‘The best IT department is one that doesn’t exist’

By Sooraj Shah
16 Oct 2012 View Comments

The sea of change affecting the insurance industry is placing new demands on IT, and the man tasked with ensuring that Groupama Insurances keeps afloat is CIO Jem Eskenazi.

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Eskenazi joined Groupama five and a half years ago, bringing more than 15 years’ experience as a CIO in several different firms, and he is responsible for strategic and operational IT in the company.

Eskenazi told Computing about the changes affecting both the IT team at Groupama and the insurance industry as a whole.

“The industry is going through pretty drastic changes, especially in terms of the elec-tronic dealing of the business. It is not the most advanced industry using e-commerce but the rate of change is very high – it’s a very dynamic situation at the moment,” Eskenazi said.

Groupama’s clients are brokers. As an indirect seller it does not speak to consumers except in regards to claims. This is why for years Groupama relied on a legacy CRM system.

The firm has now shifted to using online products such as Optima Business Plus. Eskenazi said that moving to electronic platforms was a complex process in itself, a shift that many insurance companies have had to manage over the past five years.

He explained that one of the key complexities in the industry was integration with both brokers and the software houses that create broker platforms. But he believes that by either installing these platforms internally or by using software-as-a-service (SaaS) modules, Groupama is well ahead of its competition.

While he acknowledged that insurance firms are extremely information-centric businesses and that IT is very much at the core of everything that Groupama does, he is wary of overstepping the mark.

“IT is not the business, but it is an extremely important factor within the business. Sometimes I hear CIOs saying that the IT team delivered this and that, and brought innovation to the company, but I believe it is something that is done with the business. For example, we have a claims organisation and I don’t tell the claims manager that I will improve his business. It is me talking to the claims team to discover how best to do this,” Eskenazi said.


As an insurer, Groupama is regulated by the Financial Services Authority (FSA) and the Information Commissioner’s Office (ICO). The IT team follows a standards-based approach to remain compliant and aligned to the business – ITIL for its IT operations, Prince II for its project management methodology – and it is aiming towards ISO27001 certification for information security.

“Many people who don’t follow these standards think that they are too heavy or not required, but what we found is that if we take a rational, reasonable approach to these standards and we follow them, then at the end they make us a lot more efficient and effective,” Eskenazi said

Solvency II is an updated set of EU regulations, with strict requirements pertaining to data quality and management. Un-like at many firms, ensuring compliance has not been a prob-lem for Groupama’s IT team.

“Solvency II requires clarity on all of the data that a firm has. For a company that has 10 different platforms doing the same type of work where data may be replicated in different ways from platform to platform, there would be huge complexity,” Eskenazi said.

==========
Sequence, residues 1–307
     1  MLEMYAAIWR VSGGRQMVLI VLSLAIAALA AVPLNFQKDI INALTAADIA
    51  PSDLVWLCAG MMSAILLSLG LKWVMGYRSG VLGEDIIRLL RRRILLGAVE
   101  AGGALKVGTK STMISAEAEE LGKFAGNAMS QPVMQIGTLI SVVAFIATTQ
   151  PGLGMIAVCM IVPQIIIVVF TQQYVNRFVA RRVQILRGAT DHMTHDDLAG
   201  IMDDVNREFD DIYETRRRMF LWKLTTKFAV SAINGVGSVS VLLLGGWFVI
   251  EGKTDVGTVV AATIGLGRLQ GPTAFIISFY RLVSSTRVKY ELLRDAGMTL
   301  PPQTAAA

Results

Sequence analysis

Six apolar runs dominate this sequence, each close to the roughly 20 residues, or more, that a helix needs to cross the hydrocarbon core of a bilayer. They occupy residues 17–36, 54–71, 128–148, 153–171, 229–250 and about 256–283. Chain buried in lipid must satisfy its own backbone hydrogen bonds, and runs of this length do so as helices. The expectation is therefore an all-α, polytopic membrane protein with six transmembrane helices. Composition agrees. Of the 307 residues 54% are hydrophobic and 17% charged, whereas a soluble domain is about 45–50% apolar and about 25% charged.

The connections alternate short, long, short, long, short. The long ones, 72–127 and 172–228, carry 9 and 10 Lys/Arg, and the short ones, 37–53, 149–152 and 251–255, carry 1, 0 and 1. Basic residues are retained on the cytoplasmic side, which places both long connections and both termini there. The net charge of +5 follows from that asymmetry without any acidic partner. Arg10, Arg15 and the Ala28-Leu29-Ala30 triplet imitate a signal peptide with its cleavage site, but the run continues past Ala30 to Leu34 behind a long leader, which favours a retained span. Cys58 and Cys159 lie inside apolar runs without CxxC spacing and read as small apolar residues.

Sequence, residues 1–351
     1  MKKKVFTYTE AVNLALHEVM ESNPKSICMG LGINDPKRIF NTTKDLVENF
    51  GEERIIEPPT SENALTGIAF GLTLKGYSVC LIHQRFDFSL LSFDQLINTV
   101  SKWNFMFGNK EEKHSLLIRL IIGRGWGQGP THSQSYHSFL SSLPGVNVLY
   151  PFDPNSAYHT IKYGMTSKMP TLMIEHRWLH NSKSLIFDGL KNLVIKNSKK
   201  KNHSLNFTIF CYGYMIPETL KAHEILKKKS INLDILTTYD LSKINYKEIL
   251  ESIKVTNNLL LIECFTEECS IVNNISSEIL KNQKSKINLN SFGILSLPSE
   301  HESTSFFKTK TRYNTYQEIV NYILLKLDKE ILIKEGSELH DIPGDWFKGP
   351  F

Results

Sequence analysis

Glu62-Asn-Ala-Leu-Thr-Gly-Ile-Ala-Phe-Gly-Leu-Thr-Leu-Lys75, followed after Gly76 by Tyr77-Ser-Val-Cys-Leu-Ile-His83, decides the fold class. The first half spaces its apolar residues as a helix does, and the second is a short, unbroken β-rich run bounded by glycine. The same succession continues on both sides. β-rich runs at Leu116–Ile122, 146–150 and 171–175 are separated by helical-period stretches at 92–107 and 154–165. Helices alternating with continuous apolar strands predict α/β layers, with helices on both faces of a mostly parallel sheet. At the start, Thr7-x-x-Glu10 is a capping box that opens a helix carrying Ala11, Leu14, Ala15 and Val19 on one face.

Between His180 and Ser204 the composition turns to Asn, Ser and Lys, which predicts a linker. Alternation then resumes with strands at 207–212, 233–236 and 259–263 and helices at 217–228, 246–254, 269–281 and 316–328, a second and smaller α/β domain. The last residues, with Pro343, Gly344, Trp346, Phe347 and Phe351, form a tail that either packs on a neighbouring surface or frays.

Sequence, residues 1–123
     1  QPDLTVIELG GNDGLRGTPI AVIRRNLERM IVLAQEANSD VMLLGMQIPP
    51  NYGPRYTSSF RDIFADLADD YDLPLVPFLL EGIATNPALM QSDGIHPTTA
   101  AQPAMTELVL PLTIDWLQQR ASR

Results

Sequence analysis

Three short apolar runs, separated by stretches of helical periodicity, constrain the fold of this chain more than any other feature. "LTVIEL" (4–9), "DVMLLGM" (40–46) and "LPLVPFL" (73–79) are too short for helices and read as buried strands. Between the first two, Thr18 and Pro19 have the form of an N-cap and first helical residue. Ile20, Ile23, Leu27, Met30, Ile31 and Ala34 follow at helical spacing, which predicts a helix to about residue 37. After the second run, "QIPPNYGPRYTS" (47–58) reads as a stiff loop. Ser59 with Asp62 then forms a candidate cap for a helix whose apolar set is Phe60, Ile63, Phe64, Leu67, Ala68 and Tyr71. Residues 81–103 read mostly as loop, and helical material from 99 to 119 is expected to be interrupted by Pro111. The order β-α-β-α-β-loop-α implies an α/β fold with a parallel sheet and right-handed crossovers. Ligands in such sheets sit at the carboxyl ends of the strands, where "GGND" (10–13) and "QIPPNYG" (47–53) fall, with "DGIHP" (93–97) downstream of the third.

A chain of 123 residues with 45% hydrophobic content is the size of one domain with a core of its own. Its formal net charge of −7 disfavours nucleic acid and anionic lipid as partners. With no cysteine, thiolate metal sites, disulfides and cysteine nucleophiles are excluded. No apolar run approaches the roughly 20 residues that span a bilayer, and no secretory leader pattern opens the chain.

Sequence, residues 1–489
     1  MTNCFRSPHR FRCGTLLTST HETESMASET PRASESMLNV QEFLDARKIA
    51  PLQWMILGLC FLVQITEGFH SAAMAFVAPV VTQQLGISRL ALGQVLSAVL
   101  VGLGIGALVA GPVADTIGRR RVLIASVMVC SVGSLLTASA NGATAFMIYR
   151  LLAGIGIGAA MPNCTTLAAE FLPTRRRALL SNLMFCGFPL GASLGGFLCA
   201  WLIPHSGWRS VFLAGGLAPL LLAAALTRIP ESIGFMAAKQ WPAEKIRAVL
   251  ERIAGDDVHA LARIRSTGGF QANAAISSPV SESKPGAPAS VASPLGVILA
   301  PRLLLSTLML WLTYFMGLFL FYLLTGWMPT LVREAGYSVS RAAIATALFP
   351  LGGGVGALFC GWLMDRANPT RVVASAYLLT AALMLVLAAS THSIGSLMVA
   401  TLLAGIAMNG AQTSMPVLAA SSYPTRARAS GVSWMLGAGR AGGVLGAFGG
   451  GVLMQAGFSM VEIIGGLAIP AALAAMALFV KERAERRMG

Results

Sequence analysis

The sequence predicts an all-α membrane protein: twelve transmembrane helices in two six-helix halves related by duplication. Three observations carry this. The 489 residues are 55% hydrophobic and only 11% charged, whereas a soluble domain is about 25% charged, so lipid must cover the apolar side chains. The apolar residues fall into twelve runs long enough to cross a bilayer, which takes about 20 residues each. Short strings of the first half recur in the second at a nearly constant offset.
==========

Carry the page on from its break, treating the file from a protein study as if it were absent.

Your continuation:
“Our architecture is very clean and simple – we do not have two platforms carrying out the same function. With our data flow, data warehouse population and business intelligence it is very clear where the data is, where the source is and what is represented.”

Moving to the cloud

Groupama is moving most of its non-critical systems to the cloud, including payroll, HR, email and calendar, collaboration tools and project management tools.

“We are moving to SaaS and infrastructure as a service [IaaS] and I believe that eventually everything will be in some sort of cloud service. When we need a new system or want to refresh a system we investigate whether it makes sense to put it onto some form of cloud service,” Eskenazi said.

For example, Groupama is moving its email, calendar and documents to Google Apps.

“It will allow us to collaborate on online documents, and have teleconferences or video conferences. We also looked at Micro-soft 365 but decided Google Apps was better. We did not want to install something internally because the cloud is cheaper, but more importantly because Google is visionary and it can improve services and bring functionality and new things that we could not even think of. It is a lot faster than if you install something internally,” he explained.

Virtualisation and BYOD

The insurer has nearly completed datacentre, server and storage virtualisation and will soon be able to allow the majority of users to use virtual desktop infrastructure (VDI). Groupama preferred the VDI/VPN option to implementing a company-wide bring your own device (BYOD) scheme.

“The vast majority of our users are task based; they are either underwriting people or claims people. They sit in an office and complete a number of functions with the tools that we provide them. Offering them the capability of using an iPad instead of a PC is not required,” Eskenazi explained.

“However, we want to let them access their email, calendar and possibly business systems. We are trying to find the right tools but it is not all there yet. We have looked at [mobile solutions provider] Good Technology and we found that it is not good enough at incorporating Google Apps, so it is probably a couple of months before we crack it completely,” he added.

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